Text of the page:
Campus & Community

Women's Leadership Conference Offers Inspiration, Advice and Contacts

Astrophysicist Jedidah Isler speaking to an audience of mostly undergraduate and graduate women – as well as alumnae, faculty and staff.
Jedidah Isler was the keynote speaker at the Women’s Leadership Conference at Stevens on Oct. 29. Photo courtesy of J-Chung Photography.

Jedidah Isler knew that she wanted to be an astrophysicist when she was 12 years old — “I really just thought that the sky was beautiful, like a beautiful wall,” she says — and she was determined to figure out how to do it.

As she pursued her dream, there were times when she felt she didn’t belong, when she didn’t look like anyone else in the room, when classmates wouldn’t work with her and she was devastated and ready to quit, she says.  But thanks to an extraordinary support system and her own unrelenting talent and perservance, she became the first African-American woman to receive a Ph.D. in astrophysics from Yale and an expert on supermassive, hyperactive black holes.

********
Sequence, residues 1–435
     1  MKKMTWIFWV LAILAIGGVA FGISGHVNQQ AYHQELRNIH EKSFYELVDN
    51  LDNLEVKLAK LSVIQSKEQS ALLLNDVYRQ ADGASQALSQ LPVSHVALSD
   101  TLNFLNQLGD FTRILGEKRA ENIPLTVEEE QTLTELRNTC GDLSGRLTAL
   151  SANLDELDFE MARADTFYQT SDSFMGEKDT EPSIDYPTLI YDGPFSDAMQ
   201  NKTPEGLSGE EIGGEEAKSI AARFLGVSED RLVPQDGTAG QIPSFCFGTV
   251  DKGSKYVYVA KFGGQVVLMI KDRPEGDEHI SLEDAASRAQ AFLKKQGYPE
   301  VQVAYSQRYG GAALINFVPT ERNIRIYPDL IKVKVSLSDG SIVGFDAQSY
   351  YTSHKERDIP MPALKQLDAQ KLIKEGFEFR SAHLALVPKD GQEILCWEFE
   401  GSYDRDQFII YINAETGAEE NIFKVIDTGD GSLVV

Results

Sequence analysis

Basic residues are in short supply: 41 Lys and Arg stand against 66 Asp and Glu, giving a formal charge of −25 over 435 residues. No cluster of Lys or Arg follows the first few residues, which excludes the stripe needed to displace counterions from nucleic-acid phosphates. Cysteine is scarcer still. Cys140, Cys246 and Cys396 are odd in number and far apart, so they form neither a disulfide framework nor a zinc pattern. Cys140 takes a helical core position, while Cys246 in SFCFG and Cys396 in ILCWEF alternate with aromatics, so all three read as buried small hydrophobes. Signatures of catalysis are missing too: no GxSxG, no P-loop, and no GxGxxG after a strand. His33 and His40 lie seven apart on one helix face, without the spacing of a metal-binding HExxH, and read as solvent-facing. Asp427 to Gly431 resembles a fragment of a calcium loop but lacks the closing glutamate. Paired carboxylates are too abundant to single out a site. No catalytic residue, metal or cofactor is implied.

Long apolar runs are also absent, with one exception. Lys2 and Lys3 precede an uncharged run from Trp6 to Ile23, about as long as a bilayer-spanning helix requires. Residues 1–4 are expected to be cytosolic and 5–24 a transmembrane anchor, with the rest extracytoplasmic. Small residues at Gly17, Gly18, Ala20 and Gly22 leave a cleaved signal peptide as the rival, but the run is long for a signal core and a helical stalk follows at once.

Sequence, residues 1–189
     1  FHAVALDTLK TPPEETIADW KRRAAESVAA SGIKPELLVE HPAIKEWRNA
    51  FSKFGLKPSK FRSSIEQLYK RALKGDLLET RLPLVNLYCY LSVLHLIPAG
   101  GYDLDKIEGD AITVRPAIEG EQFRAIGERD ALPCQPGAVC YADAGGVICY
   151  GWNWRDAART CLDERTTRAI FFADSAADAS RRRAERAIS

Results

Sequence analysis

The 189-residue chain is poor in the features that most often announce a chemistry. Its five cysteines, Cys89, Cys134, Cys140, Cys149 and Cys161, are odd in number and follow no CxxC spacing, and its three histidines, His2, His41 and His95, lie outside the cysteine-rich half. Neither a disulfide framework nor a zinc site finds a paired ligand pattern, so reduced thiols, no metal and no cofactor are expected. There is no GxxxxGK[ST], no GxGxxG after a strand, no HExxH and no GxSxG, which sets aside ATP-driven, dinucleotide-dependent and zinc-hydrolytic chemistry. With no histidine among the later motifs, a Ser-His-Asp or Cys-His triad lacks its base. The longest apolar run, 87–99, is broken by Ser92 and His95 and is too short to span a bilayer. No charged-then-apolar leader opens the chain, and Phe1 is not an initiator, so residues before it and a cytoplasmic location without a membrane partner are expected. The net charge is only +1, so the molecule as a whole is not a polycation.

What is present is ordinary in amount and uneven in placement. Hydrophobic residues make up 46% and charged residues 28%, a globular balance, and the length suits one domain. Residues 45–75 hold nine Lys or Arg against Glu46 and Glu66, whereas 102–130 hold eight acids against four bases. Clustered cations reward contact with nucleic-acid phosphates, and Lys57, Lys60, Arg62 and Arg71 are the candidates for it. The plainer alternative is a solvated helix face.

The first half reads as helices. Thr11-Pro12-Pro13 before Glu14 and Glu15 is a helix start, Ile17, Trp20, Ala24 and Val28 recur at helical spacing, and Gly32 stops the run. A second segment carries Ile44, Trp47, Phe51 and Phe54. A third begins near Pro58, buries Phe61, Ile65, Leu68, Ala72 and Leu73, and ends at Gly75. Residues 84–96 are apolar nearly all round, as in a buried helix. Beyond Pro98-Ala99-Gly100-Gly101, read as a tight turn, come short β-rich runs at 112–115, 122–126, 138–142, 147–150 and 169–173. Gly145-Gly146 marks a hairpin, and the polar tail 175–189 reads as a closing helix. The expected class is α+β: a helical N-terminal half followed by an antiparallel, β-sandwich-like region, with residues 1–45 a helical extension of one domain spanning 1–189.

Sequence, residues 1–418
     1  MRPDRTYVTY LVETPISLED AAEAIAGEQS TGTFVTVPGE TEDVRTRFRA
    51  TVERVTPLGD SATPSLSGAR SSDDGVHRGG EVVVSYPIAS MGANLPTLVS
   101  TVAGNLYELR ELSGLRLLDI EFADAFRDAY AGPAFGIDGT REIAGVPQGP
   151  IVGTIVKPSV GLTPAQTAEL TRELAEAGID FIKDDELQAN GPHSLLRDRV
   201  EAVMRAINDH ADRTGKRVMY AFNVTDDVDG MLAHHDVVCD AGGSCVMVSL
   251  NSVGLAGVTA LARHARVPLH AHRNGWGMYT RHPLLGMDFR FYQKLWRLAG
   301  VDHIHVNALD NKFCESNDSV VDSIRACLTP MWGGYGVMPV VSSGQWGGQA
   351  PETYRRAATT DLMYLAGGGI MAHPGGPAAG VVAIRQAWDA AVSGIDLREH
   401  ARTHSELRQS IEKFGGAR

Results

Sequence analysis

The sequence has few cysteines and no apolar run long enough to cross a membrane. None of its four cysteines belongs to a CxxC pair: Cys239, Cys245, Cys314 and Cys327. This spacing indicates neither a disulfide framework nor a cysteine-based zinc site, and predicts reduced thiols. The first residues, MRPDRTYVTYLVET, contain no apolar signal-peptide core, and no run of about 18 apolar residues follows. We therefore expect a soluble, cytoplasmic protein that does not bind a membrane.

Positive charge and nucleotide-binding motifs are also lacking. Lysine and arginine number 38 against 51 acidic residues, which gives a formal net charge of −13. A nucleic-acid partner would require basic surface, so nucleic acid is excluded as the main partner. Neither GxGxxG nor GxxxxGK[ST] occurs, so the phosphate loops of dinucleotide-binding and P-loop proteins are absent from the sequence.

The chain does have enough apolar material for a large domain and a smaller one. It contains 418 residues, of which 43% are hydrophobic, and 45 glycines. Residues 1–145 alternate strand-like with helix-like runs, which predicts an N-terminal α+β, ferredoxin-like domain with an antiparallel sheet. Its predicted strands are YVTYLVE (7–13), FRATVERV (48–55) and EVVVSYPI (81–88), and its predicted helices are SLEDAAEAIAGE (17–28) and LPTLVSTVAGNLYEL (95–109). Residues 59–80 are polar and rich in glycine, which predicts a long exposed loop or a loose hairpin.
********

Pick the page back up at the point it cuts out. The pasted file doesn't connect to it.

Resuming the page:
To a group of more than 100 gathered at the Women’s Leadership Conference at Stevens Institute of Technology on Oct. 29, this keynote speaker – an award-winning physicist and advocate for diversity in STEM education — shared her story but also took it a step further by offering hard-won, practical advice and plenty of inspiration.

“I could create a new definition of what an astrophysicist looks like. I want you to have that same excitement,” she said.

Isler, who is currently a National Science Foundation Astronomy & Astrophysics Postdoctoral Fellow at Vanderbilt University, headlined the second annual conference that offered a day-long program for the Stevens community that touched upon careers but also topics such as self-care, mental health, social identity and leadership. Guest speakers, with opening remarks by Daniella Kranjac ’99, co-founder and managing partner of Dynamyk Capital and a Stevens trustee, an alumnae panel and networking with alumnae from ExxonMobil, JPMorgan, Goldman Sachs, Johnson & Johnson, Estee Lauder, PSE&G and others, filled the agenda, in this expanded event which saw registration more than double from its previous year. 

The alumnae panel discussed both their career and life challenges and victories and offered advice from their diverse experiences. Panelists were Sylvana Azana ’14, a project manager with ExxonMobil; Victoria O'Connor Blazeski '11, who works in financial services with Ernst & Young; Lauren Mayer ’12, a senior data analyst with E*Trade; and Jessica Spanier Wismer ’15, CEO and founder of Scrumptious Secrets of Vermont, a natural foods company.